“Protest? Bollocks!” On Public Perceptions of Punk in West Germany


  • Yvonne Robel




political protest, youth cultures, social change, emotions, public discourse, nonwork, no future, West Germany, punk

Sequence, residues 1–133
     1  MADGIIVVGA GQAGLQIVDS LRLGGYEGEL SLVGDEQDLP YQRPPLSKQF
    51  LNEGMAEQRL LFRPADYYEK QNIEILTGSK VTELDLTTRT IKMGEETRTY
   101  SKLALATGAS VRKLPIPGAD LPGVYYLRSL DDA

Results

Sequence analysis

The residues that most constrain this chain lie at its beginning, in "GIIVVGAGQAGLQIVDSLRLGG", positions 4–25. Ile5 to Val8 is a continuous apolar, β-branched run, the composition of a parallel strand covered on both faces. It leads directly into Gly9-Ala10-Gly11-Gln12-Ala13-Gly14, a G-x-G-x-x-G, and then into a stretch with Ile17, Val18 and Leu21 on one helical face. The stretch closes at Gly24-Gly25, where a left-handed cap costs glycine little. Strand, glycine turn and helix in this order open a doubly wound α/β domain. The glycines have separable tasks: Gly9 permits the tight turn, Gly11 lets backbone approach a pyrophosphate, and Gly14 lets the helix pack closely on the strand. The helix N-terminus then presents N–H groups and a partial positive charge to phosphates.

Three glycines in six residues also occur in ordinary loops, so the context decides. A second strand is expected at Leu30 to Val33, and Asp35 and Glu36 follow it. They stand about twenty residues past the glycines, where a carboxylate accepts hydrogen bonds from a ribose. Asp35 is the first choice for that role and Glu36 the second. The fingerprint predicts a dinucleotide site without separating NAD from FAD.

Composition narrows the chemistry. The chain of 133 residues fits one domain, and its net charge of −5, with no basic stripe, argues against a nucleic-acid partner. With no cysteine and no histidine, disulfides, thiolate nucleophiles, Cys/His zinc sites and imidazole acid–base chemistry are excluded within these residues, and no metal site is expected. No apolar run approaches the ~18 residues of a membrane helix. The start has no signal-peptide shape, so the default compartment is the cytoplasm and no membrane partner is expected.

The article thematizes the phenomenon of punk as an example of “unconventional” and “unwelcomed” protest. It focuses on the public perception of West German punks from the late 1970s into the 1980s. In this early phase, punks caused confusion especially because of their alleged passivity. Their seeming rejection of a concept of being (politically) active was regarded as provocative, as the idea of “activity” largely dominated notions of legitimate political protest at that time. Punk was considered destructive and contentless, but non-political and as such “non-real” as a form of protest. Moreover, “experts” from the social sciences and pedagogy, politicians, and journalists interpreted the behaviour of the youth in social terms and responded to the “problem” with attempts to “understanding” and “help.” From their point of view too, Punks seemed to be unable to detect any political issues of their own or to fulfil notions of meaningful forms of protest. Using the example of punk perceptions, the article examines how collective knowledge about legitimate and proper forms of protest is negotiated through demarcations.